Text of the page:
Meta property content queries solve most searching needs. It is less common and more of an administrative burden to enable value queries, since property value queries require modification of the property cache. Only use value queries when content queries won't solve the problem, i.e. when you need an exact match between query and meta property values.

Sorting on Meta Property Values

Another benefit of storing meta property values in the property cache is that they can be used to sort query results. Sorting on meta property values can make query results more useful.

To specify a meta property as the sort order for a query, simply include the name in the sort specification. For example, the sample query form query.idq was modified to sort on the breedOrigin property:

CiSort=breedOrigin[d]

The [d] here means a descending sort. Use [a] for an ascending sort.

The query.asp sample contains this equivalent modification:

q.SortBy = "breedOrigin[d]"

The HTML Property Filter

As shown, Index Server enables content and value queries over meta property values, and can display and sort on the values in query results. What more do you want? Actually, it's useful to have a little more.

Index Server treats all meta property values as strings. This prohibits doing property value queries like @breedWeight < 20, to find dogs that weigh less than twenty pounds. This is because Index Server will treat string values like "100" as being less than "20". That's where the HTML property filter comes in.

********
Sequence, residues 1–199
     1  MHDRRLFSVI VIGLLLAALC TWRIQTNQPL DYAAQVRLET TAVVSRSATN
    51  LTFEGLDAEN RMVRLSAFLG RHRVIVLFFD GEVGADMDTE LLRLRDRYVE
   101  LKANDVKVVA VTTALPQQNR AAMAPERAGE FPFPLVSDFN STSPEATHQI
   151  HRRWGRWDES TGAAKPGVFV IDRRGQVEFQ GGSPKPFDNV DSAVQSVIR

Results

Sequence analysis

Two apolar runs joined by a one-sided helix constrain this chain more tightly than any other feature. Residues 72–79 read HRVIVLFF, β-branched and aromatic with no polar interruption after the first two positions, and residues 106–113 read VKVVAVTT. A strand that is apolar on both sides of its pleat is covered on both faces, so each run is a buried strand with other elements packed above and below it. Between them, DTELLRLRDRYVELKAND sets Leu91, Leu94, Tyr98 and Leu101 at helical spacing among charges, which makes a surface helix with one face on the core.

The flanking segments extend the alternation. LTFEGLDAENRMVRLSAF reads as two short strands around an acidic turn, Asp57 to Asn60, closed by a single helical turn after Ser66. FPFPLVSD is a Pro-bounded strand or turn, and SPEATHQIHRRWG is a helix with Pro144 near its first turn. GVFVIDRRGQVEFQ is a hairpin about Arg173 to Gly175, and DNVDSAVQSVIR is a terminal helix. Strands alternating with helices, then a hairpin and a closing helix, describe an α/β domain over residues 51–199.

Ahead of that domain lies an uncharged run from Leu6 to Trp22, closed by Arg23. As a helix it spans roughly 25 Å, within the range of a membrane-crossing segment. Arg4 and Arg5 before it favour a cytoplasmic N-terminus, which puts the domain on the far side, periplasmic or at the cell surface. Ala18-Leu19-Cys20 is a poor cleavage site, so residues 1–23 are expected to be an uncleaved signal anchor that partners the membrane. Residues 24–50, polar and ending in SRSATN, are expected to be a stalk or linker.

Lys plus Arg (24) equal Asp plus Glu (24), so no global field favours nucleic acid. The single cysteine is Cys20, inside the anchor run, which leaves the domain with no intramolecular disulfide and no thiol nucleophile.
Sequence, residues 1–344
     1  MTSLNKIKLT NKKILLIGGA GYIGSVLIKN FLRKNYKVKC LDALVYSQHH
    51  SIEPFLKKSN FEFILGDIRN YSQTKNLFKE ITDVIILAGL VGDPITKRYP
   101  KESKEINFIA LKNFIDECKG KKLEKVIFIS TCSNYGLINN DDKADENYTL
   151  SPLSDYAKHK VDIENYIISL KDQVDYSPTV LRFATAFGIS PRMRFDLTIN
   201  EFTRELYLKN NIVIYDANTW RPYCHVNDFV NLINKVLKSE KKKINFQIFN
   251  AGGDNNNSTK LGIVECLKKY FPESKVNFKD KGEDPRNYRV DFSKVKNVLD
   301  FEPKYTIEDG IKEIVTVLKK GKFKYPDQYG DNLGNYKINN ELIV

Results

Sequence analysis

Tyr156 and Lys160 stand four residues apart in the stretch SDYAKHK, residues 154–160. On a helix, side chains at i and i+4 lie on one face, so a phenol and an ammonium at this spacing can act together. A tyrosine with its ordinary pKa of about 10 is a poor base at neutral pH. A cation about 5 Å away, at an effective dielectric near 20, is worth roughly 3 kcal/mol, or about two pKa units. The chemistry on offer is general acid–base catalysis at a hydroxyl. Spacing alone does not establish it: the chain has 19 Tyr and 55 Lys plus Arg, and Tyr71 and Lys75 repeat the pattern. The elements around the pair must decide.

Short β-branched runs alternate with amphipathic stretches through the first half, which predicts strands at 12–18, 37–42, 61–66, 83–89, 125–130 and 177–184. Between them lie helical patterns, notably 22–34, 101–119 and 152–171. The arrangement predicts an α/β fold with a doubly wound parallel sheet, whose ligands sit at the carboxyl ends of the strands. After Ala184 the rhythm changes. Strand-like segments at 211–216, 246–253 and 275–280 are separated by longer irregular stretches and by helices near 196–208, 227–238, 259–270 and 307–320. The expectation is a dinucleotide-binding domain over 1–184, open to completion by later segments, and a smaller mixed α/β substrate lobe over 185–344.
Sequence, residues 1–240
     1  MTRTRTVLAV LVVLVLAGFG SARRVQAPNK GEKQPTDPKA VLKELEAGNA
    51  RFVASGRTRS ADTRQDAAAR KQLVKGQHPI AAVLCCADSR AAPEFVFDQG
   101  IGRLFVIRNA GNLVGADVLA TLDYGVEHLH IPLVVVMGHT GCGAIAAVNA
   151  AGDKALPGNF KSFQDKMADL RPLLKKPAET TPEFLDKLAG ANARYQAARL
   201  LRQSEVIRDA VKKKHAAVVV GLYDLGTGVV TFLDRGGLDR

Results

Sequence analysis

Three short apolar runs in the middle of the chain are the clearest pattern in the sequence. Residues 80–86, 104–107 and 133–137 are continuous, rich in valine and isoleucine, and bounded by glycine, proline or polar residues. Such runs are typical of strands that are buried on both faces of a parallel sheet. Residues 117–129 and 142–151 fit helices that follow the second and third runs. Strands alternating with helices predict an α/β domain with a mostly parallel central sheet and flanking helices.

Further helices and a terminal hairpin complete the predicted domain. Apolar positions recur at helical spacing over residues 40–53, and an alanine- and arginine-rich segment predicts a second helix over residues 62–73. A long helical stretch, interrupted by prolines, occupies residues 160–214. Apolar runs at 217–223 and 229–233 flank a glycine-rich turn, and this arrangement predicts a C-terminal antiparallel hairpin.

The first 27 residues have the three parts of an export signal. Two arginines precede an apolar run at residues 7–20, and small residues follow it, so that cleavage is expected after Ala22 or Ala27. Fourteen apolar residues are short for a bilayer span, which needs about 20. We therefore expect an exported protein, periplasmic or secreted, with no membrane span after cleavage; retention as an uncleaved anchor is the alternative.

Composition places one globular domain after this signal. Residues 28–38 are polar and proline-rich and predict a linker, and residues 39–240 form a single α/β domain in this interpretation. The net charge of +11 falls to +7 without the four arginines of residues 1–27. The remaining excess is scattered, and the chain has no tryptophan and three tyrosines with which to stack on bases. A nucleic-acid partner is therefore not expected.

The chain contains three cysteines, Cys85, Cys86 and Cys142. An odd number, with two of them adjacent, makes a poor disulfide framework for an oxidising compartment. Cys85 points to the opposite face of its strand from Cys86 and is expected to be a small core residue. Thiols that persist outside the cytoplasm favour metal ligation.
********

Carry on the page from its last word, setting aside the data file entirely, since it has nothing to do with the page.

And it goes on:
The html property filter sits on top of Index Server's built-in HTML filter and converts meta property values from strings to data types specified in its configuration file. If the converted values are stored in the property cache, they can be used in property value queries, retrieved in query results, and be used for sorting.

The following is a description of how to install the HTML property filter and configure it to support the breedWeight meta property as an integer value, instead of as a string.

Installing the HTML Property Filter

Install the HTML property filter by copying htmlprop.dll and htmlprop.ini to the system32 directory. These files are included in the sample download at the top of this article. Then, use regedt32.exe to append the complete path to htmlprop.dll (for example, c:\winnt\system32\htmlprop.dll) to this registry key:

Hkey_local_machine\system\currentcontrolset\control\contentindex\DllsToRegister